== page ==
Friday, May 25, 2012

Guest Blog: The higher ed discussion

Where are issues discussed that may determine the future of education in our Commonwealth? Recently (May 17) it was the Pennsylvania Chamber of Business and Industry Building in Harrisburg and the group was the Governor’s Advisory Commission on Postsecondary Education.

I was privileged to attend the meeting with Bloomsburg University’s student Trustee Marcus Fuller (pictured right), who spoke from the audience on the importance of soft skills, community involvement and international education to tomorrow’s workforce.

As the meeting began, Chair Rob Wonderling listed the commission’s purposes:
  • Work together on behalf of the users of post-secondary education;
  • Ensure affordability, accessibility and employability;
  • Determine how to leverage advantages of higher education in Pennsylvania;
  • Identify best practices and remove government barriers;
  • And, finally, to listen to comments this spring, review information during the summer and deliver a proposed framework to Gov. Corbett in the fall. 
Guest speakers at the roundtable discussion represented colleges and universities, including our sister institution, Shippensburg University; organizations, such as the Association for College Admission Counseling; and business, including the host, the Pennsylvania Chamber of Business and Industry.

They spoke of employment opportunities that go unfilled due to lack of qualified applicants … and programs that educate students for nonexistent jobs. Of the benefit of a system of 14 public universities – the Pennsylvania State System of Higher Education – that enables students to graduate with manageable debt … and the possibility of changing funding to follow a student to any institution, public or private. Of meeting the educational needs of non-traditional students, including single mothers and citizens with criminal records … and competition from free online courses. Of the rich variety of institutions and educational opportunities that draws students from around the U.S. and the globe … and the needs of our state’s increasingly diverse citizenry.

Deep topics, all. And discussed in front of a small audience in a third-floor conference room overlooking the Capitol Complex.

Four more meetings are scheduled around the state, and comments can be submitted via If you care about post-secondary education in Pennsylvania, make sure your voice is heard.

Bonnie Martin is manager of communications and media relations at Bloomsburg University of Pennsylvania.  

Wednesday, May 2, 2012

A ”Back to the Future” budget plan

It isn’t such a bad idea, especially when it comes to understanding the plight of higher education funding.

The concept of going “Back to the Future” went nationwide in 1985 with the Michael J. Fox film that’s since become a cult favorite. In the science-fiction adventure, Dr. Emmett “Doc” Mack Brown built a time machine that enabled Marty McFly to travel back in time 30 years to 1955 and then back to 1985 after some misadventures. Nearing the end of the 1980s — specifically, the 1988-89 academic year — the Pennsylvania State System of Higher Education (PASSHE) received about $322.7 million in state funding, 57% of the 14 schools’ operating budgets. Today, nearly three decades later, PASSHE is facing a proposed state allocation at about the same level —$330.2 million — just $7.5 million more than during the “Back to the Future” era. It would be a 20 percent cut in state funding, according to Gov. Tom Corbett’s 2012-13 budget proposal.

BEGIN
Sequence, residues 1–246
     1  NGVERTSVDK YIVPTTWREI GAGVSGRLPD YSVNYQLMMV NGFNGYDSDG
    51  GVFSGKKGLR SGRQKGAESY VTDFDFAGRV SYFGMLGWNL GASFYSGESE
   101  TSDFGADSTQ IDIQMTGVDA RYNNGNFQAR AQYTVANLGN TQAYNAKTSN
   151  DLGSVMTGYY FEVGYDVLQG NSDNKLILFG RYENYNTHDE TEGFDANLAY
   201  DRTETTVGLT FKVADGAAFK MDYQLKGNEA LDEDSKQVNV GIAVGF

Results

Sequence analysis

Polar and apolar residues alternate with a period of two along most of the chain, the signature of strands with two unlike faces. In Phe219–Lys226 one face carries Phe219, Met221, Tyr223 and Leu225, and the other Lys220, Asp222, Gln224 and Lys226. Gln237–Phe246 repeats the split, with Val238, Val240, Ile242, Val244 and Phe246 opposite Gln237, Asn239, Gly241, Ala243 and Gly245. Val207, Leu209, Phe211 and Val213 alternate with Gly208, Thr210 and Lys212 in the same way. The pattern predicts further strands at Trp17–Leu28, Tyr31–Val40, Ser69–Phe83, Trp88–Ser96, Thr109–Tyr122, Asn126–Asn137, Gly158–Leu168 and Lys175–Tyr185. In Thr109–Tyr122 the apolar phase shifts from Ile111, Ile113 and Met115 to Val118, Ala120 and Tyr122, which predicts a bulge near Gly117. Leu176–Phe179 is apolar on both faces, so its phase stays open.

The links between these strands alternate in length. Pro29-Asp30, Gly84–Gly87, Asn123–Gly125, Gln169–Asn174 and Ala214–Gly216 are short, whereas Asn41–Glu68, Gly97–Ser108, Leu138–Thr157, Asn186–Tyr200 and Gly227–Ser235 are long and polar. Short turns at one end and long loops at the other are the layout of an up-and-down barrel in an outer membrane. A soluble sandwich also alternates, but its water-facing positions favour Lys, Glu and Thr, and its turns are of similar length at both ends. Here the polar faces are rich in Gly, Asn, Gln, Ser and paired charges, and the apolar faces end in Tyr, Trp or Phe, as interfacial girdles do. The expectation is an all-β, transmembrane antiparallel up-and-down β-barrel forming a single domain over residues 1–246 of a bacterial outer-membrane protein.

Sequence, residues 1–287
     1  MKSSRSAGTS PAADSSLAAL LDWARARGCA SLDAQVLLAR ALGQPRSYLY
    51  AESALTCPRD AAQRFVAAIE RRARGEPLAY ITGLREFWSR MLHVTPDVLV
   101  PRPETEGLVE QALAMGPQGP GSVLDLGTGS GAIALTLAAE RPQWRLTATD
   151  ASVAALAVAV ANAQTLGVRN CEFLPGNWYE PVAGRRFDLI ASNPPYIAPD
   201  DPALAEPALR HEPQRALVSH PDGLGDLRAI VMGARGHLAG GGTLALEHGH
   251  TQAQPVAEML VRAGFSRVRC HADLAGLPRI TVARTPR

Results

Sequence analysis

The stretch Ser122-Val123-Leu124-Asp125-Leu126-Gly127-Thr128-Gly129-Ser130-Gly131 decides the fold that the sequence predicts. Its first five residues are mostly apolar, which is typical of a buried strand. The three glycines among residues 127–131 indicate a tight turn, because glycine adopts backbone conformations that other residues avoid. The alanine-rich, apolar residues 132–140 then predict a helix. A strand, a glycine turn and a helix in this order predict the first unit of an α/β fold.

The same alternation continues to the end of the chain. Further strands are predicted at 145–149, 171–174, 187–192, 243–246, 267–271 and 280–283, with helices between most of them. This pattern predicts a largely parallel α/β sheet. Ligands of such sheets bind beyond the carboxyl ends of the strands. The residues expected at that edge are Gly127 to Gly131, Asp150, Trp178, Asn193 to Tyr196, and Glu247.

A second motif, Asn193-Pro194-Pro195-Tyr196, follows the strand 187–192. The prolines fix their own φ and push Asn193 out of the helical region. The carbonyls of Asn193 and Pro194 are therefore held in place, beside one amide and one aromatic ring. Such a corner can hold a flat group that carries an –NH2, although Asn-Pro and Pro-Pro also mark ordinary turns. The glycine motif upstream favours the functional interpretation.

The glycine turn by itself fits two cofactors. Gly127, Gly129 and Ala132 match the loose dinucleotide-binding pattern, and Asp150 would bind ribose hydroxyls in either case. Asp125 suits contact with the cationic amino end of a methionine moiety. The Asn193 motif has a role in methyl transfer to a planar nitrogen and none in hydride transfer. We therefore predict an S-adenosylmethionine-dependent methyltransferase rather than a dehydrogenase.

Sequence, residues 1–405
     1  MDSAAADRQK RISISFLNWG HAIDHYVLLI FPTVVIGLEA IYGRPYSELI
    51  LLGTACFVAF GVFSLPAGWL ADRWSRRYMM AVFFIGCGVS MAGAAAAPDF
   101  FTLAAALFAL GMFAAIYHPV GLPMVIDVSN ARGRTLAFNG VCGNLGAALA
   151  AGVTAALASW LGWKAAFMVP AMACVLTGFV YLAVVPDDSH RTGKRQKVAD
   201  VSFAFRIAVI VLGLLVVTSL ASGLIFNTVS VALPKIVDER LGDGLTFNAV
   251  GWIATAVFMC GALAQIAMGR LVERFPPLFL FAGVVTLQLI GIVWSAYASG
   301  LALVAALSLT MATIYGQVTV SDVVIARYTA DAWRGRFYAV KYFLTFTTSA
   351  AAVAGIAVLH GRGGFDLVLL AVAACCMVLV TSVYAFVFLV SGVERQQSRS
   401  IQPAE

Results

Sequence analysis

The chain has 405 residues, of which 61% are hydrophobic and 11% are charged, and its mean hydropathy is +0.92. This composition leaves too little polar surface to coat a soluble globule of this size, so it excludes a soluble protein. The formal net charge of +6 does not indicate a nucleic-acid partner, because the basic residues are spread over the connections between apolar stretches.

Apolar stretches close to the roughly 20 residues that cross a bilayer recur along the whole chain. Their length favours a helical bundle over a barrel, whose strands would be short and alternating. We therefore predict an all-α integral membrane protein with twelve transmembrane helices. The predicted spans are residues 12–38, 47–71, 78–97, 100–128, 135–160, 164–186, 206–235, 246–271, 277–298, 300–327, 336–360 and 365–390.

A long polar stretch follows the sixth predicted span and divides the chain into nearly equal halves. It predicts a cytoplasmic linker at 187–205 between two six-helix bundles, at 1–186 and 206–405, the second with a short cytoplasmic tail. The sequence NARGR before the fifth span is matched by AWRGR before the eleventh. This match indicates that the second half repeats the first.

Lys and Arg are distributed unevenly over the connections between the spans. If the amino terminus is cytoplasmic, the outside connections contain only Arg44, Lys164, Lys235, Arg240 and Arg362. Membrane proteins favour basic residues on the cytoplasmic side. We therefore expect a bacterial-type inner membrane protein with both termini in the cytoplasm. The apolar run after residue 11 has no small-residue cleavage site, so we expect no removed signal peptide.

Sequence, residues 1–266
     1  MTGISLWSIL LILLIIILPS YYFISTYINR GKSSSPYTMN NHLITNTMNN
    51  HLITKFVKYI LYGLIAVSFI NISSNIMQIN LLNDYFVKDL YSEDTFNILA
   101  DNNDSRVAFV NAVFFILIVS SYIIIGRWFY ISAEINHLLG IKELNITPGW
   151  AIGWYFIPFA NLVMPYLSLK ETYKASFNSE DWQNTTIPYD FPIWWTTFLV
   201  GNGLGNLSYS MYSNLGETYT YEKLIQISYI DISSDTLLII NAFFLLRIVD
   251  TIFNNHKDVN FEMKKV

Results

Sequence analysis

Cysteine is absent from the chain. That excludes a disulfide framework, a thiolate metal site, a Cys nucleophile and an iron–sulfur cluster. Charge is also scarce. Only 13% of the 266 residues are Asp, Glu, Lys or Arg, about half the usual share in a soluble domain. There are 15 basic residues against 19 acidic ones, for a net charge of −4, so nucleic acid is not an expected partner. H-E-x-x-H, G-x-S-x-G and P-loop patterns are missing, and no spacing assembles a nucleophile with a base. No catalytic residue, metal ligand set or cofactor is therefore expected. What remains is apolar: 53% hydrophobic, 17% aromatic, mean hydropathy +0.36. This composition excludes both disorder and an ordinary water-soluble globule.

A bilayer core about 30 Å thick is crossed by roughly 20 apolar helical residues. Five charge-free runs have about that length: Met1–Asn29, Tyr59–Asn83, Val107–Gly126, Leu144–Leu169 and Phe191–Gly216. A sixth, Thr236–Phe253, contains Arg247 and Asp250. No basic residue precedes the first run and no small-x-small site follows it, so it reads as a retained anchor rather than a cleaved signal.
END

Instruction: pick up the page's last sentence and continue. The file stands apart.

Bloomsburg University has come a long way since 1985, when it was still growing from a state college with 6,400 students into today’s comprehensive university with 10,000 students studying in four colleges offering 56 programs leading to bachelor’s degrees, 44 minors and 21 graduate programs, including a doctorate in audiology. The system has grown, too, adding 23,000 students in that time. The dynamics of our education climate are simply not the same as they were in 1988-89. We recognize the financial challenges facing the state and know that higher education is key to its financial recovery. BU, along with other PASSHE institutions, is a major economic incubator graduating thousands of highly educated professionals and leaders into the work force each year. More than 80 percent of them stay in Pennsylvania to pursue their careers.

Advocating on behalf of higher education should be a yearlong initiative, but there’s no greater time than now to make our voices heard. Together we’re building not just a great future but a great state filled with young leaders who have expanded their knowledge and skills, developed diverse thoughts and ideals, and increased their understanding of our multicultural society and global community.

We must continue to create the dynamic future Doc Brown envisioned visiting when he created the “flux capacitor.”